City branding is a new area still adjusting. Setting up an efficient strategy may be tricky. Some cities choose to do it internally; others create city brands through an external body. Here is a non-exhaustive list of the advantages both strategies have; but comments are open to discuss which one is the most relevant.
Managed by an external body:
- Wider perspective: successful city branding strategies integrate all the city stakeholders in the process. External bodies are deemed neutral and may have fresh eyes on the topics a city has to face and on how to find a balance between the stakeholders (ie: companies, citizens, tourists and public institution) wishes as well as to have an efficient brand. In addition, they are more likely to propose less institutional ideas.
- Long term vision: external bodies are not obliged by political issues or electoral calendar. Therefore, they can conduct a continuous strategy as the team in charge of the project should remain the same.
- Expertise and resources: people in charge of city branding in external bodies are experts in that field. Indeed, these consultants may have skills and knowledge as they only work on city branding issues and may be studying or researching this topic on academic perspectives. Moreover, the resources (financial as human) of the external bodies are committed exclusively to the city branding strategy.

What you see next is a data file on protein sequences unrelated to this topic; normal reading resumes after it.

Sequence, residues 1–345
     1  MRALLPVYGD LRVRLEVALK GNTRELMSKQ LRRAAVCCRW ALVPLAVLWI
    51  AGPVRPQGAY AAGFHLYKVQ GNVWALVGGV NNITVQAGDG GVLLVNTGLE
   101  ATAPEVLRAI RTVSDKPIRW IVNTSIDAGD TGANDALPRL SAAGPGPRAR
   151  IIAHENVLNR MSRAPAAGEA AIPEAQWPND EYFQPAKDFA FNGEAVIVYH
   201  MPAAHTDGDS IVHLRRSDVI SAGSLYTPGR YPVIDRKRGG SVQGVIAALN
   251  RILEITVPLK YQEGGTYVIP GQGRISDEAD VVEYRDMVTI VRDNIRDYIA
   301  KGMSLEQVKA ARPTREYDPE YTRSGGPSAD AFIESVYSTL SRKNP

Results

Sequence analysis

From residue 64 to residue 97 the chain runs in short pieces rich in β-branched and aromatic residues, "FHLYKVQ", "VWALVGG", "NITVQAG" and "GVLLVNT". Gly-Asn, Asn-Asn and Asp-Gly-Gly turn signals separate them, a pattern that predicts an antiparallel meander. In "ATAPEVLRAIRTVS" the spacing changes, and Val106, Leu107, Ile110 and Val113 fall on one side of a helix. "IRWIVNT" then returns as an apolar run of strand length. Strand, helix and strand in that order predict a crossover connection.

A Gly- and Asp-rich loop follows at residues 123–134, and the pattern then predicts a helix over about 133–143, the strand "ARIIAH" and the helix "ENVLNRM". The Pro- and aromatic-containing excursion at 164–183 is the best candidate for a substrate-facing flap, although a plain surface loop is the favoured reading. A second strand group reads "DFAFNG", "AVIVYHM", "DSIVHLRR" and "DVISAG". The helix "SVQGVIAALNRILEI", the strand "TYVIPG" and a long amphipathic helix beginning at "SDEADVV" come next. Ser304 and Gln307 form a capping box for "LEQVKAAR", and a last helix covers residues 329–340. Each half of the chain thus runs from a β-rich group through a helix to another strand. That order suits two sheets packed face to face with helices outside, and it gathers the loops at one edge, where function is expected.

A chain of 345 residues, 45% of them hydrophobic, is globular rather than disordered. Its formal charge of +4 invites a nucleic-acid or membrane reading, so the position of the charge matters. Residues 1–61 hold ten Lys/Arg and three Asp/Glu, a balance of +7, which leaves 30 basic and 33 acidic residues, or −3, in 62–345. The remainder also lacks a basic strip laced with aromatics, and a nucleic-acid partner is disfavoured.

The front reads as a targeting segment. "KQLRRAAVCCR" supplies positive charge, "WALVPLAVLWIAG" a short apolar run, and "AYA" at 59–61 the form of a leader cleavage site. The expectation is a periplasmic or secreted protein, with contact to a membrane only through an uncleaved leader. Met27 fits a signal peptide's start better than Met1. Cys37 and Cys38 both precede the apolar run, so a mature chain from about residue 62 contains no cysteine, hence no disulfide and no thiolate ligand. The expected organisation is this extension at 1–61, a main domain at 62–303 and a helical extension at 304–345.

Managed by public institutions:
- Proximity to the Citizens’: by their nature public institutions are close to the city realities and its inhabitants. This is a key factor for implementing a city branding strategy.
- Public service: as a duty of public services, branding the city is part of their mission. Moreover, public institutions have the best interest of citizens in mind and non-for profit obligations.
- Better integration: the branding strategy should be integrated in wider city planning and thus coordinated with activities as urban renovation or cultural events. This link provides a more consistent strategy.
- Networking: Public institutions such as cities, regions or states have wider connections with other public institutions locally and internationally. Indeed, being part of a network of cities (eg: CAAC), twin cities agreements (eg: CEMR Twinning), European projects (eg: TONETA) and other formal and informal networks is an opportunity for collaboration, exchange as well as increasing city brand awareness.
Thus the choice is not easy and depends on the aim and the resources available. Combinations are also to be considered. Do you have more arguments on behalf of one or another? Any good practice to showcase?